(Guest Blog by Joe DeMike of Google)
If your business model depends upon selling products or services online, it’s almost certain that you’re missing out on a lot of customers. Most websites convert a visitor into a customer less than 5% of the time. This means there are an awful lot of people who were interested enough in your brand to visit your website, but not impressed enough to buy from you. We’re not talking about your rank on a search engine results page (SERP), or your performance with pay-per-click (PPC) ads, because these are visitors who are already on your web property. Something was working in order to get them there, but something is not working if they leave without becoming a customer.
Most eCommerce concepts have an easy-to-understand parallel in a setting with which you’re more familiar. Imagine you own a local pizza shop. Everyday you stand in the corner and watch what happens throughout the day. On Monday, only 10 people come into your shop, and only one of those people places a food order, so your employees mostly stand around idle. That evening, you improve your outdoor sign to get more sidewalk traffic, and put an ad in tomorrow’s paper. On Tuesday, you have 100 people come in for lunch, but only four of those people place an order and eat your food.
You spent all that money fixing your sign and paying for an ad, just to get three additional customers? Did you notice that 96 people were leaving your pizzeria without ordering anything? In the real world, you could stand at the door and ask people why they’re leaving. On the Web, you have to rely upon a far broader set of skills.
There are three competencies that must be combined in order to achieve a truly great website experience for a customer: Math, art, and behavioral science. Few people possess all three of those skill sets, so it’s important for you to balance your eCommerce team. Too much of one skill set or another will not help you, you need all three.
Three Skill Sets Necessary To Build Powerful Website Experiences
Art is needed because websites are visual experiences. Human decision makers are susceptible to influence from the appearance of the site. For example, in 2012, Errol Morris from the New York Times presented over 40,000 readers with a passage and then asked them questions. The passage was written in six different fonts for different readers. The fonts alone influenced the readers’ answers with statistical significance.
Math skills, especially statistics, are essential. Only through proper A/B testing can you irrefutably state which versions of your website perform better. The number one rule in marketing is that other people are not like you. It’s meaningless if you or your executives prefer a particular version of the website. Only a visitor’s opinion matters. In my experience, online retailers demonstrate a massive selection bias when they seek feedback for their sites. They only ask for opinions on usability from the people who completed the checkout process or who are return customers.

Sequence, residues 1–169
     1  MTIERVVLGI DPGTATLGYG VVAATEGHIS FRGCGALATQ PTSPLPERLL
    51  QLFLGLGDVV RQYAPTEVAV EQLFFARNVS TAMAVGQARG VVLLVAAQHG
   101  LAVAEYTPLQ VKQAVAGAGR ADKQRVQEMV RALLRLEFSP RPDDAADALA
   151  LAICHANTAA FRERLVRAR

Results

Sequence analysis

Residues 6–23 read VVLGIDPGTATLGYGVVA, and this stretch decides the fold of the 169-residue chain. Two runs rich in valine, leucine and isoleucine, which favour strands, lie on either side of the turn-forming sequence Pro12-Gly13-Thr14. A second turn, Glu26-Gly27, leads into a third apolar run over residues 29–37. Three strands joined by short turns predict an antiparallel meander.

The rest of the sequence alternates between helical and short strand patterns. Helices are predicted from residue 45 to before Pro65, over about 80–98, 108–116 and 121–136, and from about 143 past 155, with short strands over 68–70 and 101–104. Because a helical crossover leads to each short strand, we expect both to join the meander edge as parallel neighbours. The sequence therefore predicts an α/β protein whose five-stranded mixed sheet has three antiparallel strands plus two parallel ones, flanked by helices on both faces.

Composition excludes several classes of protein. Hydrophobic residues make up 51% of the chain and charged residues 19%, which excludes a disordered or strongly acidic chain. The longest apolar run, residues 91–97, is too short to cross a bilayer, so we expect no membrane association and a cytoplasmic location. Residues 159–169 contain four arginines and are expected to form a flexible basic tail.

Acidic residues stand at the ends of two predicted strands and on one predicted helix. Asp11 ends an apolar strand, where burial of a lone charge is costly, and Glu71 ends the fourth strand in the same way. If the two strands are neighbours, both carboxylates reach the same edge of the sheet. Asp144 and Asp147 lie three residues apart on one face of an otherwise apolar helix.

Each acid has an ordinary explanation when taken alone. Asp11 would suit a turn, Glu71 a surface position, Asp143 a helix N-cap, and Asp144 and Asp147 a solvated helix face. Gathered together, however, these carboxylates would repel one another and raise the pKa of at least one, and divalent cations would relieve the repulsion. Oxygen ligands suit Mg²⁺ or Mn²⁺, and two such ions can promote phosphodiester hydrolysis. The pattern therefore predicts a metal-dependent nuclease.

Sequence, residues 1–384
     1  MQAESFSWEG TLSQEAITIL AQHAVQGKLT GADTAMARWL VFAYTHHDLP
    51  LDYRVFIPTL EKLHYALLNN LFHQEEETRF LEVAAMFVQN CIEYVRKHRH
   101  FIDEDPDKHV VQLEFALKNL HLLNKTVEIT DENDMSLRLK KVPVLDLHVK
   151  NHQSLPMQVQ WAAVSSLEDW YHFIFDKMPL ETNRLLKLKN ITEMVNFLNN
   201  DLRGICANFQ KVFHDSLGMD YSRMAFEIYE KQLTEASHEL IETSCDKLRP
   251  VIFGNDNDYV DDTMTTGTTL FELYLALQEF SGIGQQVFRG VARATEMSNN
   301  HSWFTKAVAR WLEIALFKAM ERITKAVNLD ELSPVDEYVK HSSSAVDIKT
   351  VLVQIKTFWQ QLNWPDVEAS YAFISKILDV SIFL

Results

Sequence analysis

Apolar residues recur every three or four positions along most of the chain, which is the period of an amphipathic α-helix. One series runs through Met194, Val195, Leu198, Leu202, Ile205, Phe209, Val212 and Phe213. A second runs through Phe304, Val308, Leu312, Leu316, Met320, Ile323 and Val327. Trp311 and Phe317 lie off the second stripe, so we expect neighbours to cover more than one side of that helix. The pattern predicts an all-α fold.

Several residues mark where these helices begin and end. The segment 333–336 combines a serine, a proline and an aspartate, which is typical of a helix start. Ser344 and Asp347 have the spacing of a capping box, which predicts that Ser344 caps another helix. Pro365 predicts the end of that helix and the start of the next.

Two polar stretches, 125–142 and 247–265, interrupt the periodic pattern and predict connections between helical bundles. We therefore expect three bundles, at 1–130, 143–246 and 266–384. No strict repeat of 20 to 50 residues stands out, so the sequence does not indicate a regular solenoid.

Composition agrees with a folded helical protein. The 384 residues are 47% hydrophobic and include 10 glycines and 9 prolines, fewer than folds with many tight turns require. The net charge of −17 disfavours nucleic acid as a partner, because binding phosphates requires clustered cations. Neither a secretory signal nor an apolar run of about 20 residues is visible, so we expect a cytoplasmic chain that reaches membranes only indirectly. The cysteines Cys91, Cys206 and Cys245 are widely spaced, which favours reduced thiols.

The third critical skill set is behavioral science. There are dozens of cognitive biases that influence a human decision maker. Designing your website with these biases in mind can earn you big returns. Take a look at travel websites that are now telling you “there are only three seats left at this price!” This is a concept of behavioral economics called Scarcity. You are more likely to purchase something if you believe there are few left, or that you will miss out on the best price. Another technique used on these sites are the notifications that someone in [Your_City] just purchased a room at the hotel you’re browsing. This is another behavioral economics principle called Social Proof. When you see other people performing an action, you’re more likely to do it yourself. It’s even more powerful if you believe the other person is similar to you. This is why the site uses your IP address to determine your city, and then tells you a person in a nearby location is making a purchase.
Remember that when designing or improving your website experience, time is a critical factor. 53% of people will leave a page if it takes longer than three seconds to load. Using art, math, and behavioral science, you’ll have the ability to create a frictionless purchase experience, and achieve true online greatness!
As the Head of Global Business Operations for Accelerator, Joe is a key leader in Google’s efforts to bring the Internet to the next billion people. He and his team launch new business ventures at Google, including access, advertising and commerce products. He has worked as a leader in Product Marketing, Brand Marketing, and Sales, and is an advisor for the CapitalG (Google Capital) portfolio of companies.